Plácido’s is a phenomenal story in all of music. I now remember with amusement how he undertook Otello in the late ’70s and people were saying, “In two years he’ll be ruined.” He’s proven everybody wrong in an amazing way.
With regards to programming, it’s fun and exciting and very frustrating. There are so many, many things one wants to do and see produced than, in fact, there are possibilities of productions. I’ve been on that side of the fence — this is the third opera company where I’ve had that responsibility. You start with a wide variety of things you’d like to see, then you get diminished down to the number of productions and then reality sets in. There is nobody available to sing a role, you need a chorus of 120 — to sing in Russian. A season gets whittled down by reality.
Financial considerations are major, of course. But basically, it’s Plácido, [president and CEO] Christopher [Koelsch], and me. We are three very different personalities but we all get along with each other very well. We have different views and perspectives, but Plácido is the boss and ultimately, it’s his decision. I’m okay with that. But the big goal is to make sure that all forms of opera are available to your public, either in the case of a season or when a season doesn’t have that many productions, in the course of three to five years and everything is represented — Italian, German, French, Russian, Eastern European. We also have a larger Hispanic component than many and that has to be balanced.
Contemporary [opera] also has to be a very important part of the mix — not just for your public, but as a music director I want to make sure my orchestra can play every style. I spent a certain amount of years playing bel canto, but many people don’t consider that important — that the orchestra’s not that interesting. But everything shows; it’s like playing Haydn. It shows and it’s difficult. The fact is, it’s not just good for the public, but it’s important for the institution.
You’ve been passionate about performing works of composers who were suppressed during the Nazi regime, and you’ll be curating and conducting a concert at Colburn School on June 15, “A Tale of Two Émigrés with James Conlon.” The program features the music of Erich Wolfgang Korngold and Arnold Schoenberg, a large ensemble from the L.A. Opera Orchestra, and a talk by you.
Neither of the pieces [Korngold’s Sextet, Op. 10 or Schoenberg’s Chamber Symphony No. 1, Op. 9] were created in L.A., but both composers emigrated to L.A. and lived and died in L.A. That celebrates something about who we have been. In America, when immigration is targeted in what I consider an un-American way, it’s important that we show that. Yet again, this too is immigration, and America owes its greatness to immigration. My grandparents were immigrants and you talk to most people and you don’t have to go back many generations to find immigrants.
Curating is a euphemism for talking. It’s a popular word these days, and I’ve done a lot of this. Certainly, it was a highlight of my Ravinia years. I would take a subject, talk about it very much the way I do in my pre-performance talks at the opera, but it would be interspersed with a performance that was often related to “Recovered Voices.” I’d be talking about the influence of jazz in European creations after the 1920s and while that was going on it crossed over into Venn diagrams — where jazz in Europe and the composers who were suppressed by Nazis are areas of overlap. I talk and give historical context to the program.
What have been some of the highlights for you at L.A. Opera?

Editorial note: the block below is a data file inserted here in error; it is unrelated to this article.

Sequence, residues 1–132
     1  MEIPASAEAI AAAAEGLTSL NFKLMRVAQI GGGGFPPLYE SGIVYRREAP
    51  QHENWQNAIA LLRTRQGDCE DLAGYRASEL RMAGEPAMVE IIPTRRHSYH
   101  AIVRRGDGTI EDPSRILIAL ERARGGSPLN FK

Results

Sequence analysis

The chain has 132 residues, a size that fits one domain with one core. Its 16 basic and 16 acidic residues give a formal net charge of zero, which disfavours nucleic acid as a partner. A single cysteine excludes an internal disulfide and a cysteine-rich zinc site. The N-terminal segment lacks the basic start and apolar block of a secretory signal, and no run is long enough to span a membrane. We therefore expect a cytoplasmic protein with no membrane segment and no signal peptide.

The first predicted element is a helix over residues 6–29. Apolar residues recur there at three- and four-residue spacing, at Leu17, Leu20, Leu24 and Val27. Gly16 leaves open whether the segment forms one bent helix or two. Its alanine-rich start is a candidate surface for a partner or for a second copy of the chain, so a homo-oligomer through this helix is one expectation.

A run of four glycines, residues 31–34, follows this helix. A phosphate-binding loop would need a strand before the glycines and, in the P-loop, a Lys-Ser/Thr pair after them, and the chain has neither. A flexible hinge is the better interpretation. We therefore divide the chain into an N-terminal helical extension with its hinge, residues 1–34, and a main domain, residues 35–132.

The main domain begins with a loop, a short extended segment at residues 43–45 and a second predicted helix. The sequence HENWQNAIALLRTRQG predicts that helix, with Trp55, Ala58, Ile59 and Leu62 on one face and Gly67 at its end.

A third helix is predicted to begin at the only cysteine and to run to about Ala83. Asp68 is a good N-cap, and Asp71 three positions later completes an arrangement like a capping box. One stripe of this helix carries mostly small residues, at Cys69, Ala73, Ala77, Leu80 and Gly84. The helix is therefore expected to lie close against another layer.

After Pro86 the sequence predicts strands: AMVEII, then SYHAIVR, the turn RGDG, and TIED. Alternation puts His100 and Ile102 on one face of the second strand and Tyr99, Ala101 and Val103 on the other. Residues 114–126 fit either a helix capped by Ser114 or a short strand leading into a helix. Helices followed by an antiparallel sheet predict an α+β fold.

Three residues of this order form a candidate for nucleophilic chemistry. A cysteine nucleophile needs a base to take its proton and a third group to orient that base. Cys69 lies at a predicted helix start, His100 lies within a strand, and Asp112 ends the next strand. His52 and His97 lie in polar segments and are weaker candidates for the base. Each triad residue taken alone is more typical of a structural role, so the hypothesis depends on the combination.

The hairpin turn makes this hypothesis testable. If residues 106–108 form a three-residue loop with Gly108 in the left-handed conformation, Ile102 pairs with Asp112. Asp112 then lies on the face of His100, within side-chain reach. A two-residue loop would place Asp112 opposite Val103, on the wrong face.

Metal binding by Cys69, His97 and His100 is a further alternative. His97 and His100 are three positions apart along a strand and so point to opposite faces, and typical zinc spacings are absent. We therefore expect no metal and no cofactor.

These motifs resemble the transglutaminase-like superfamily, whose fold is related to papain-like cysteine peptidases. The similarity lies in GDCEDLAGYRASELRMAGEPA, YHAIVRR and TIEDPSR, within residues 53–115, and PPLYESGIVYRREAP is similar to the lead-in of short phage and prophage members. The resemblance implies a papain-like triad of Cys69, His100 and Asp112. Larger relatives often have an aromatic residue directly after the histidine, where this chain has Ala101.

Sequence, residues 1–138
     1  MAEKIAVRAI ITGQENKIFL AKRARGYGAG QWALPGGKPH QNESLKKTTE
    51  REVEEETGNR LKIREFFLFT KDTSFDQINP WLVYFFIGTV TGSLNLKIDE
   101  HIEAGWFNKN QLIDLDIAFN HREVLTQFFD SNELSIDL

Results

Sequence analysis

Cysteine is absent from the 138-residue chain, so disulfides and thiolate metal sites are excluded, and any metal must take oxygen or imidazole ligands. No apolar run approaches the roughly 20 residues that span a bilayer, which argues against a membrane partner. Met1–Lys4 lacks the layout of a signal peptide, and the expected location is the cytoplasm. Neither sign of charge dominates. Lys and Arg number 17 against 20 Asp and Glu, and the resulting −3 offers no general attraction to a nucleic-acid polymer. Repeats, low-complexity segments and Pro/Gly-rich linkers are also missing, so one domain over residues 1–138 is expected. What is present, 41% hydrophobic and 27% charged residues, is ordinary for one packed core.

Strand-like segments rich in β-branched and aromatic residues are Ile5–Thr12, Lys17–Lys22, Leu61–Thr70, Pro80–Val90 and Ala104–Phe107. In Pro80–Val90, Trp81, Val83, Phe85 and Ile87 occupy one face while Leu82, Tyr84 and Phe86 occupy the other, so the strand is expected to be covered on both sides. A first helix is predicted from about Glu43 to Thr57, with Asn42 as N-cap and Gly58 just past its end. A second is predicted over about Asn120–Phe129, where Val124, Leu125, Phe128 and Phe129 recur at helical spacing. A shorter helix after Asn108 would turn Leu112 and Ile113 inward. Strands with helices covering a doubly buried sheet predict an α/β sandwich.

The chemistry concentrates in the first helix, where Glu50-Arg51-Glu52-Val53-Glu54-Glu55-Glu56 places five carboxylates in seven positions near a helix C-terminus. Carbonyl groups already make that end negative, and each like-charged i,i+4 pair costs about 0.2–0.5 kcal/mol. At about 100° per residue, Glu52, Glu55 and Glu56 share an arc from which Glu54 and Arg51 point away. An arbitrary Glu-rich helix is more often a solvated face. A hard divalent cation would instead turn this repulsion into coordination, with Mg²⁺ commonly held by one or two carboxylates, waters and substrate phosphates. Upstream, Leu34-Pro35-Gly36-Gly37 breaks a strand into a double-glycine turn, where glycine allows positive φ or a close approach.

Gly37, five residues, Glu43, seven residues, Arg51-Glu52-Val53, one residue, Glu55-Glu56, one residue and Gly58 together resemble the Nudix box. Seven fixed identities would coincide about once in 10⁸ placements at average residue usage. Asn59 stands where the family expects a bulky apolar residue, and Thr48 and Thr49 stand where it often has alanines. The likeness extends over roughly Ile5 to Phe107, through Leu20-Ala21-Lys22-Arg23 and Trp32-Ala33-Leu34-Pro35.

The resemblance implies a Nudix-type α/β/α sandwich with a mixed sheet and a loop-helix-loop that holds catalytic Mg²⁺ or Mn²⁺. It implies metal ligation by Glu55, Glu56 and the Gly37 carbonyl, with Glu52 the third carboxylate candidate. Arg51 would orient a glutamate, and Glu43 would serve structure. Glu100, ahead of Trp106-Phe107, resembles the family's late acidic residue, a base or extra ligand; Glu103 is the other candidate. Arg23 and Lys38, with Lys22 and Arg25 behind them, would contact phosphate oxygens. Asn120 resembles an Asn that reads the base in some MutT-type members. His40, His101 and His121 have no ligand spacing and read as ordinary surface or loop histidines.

It’s hard to say, it’s like asking who is a favorite child or friend. In looking back, I’m certainly happy about the Wagner years — that it put the company on a level where it could do that and be integrated into the experience of the opera company. I’m proud — but I’m not a proud person — that we [were] the first opera company to make any contribution to “Recovered Voices.” Most of us agree it was good to do it — great to do it, important to do it — and a lot is left undone. And that is money; it’s nothing else but financial. Music is not a top draw in terms of support from the world in general and I would like to see that change back.
Off Grand [the initiative to expand the definition of opera] has also been a very positive development and a successful development, with a lot of experimental theater. I hate words like cutting edge, so I’m not going to use them, but this has given us a good form. Ultimately, though, it’s very important what happens on the main stage. I would like to see the number of productions increase again — so the motor doesn’t stop in the course of the year [because] music celebrates the best in our civilization and nurtures the best in ourselves. It has a kind of spiritual power.
What’s your fitness regimen, as most people don’t think about the physicality a conductor needs to do the job?
I think that we — conductors — are subject to back, shoulder and neck problems. I don’t go to the gym and I didn’t do exercise until five or six years ago, but I have had a physical therapist since then. The one thing he’s taught me is that you don’t get injured as much if you strengthen everything around those areas. I have not cancelled a performance or significant rehearsal in the time I’ve been in L.A. I cancel rarely. I do get sick from time to time, but if you’re sick you feel you have a responsibility to conduct that performance and you get up there anyway. The determination to keep going, to fulfill obligations, it’s a pleasure, it’s a positive force.
I almost always feel better about life at the end of hearing or conducting a Mozart opera, symphony, piano concerto [because] I think Mozart has a salutary effect on health. He had gifts that went beyond those of a musician that seemed to understand something about the basic harmony of the universe. I always feel better, invigorated, I feel life has been affirmed. Yes, we want to see The Marriage of Figaro, the human foibles, and somehow, we always have a feeling at the end of an opera, that the universe is in place. All the people, with their strengths, weaknesses and faults — they’re all okay. Mozart is like Humpty Dumpty where everybody falls off the wall, and he puts it back together in the end, showing us everything with his incredible music.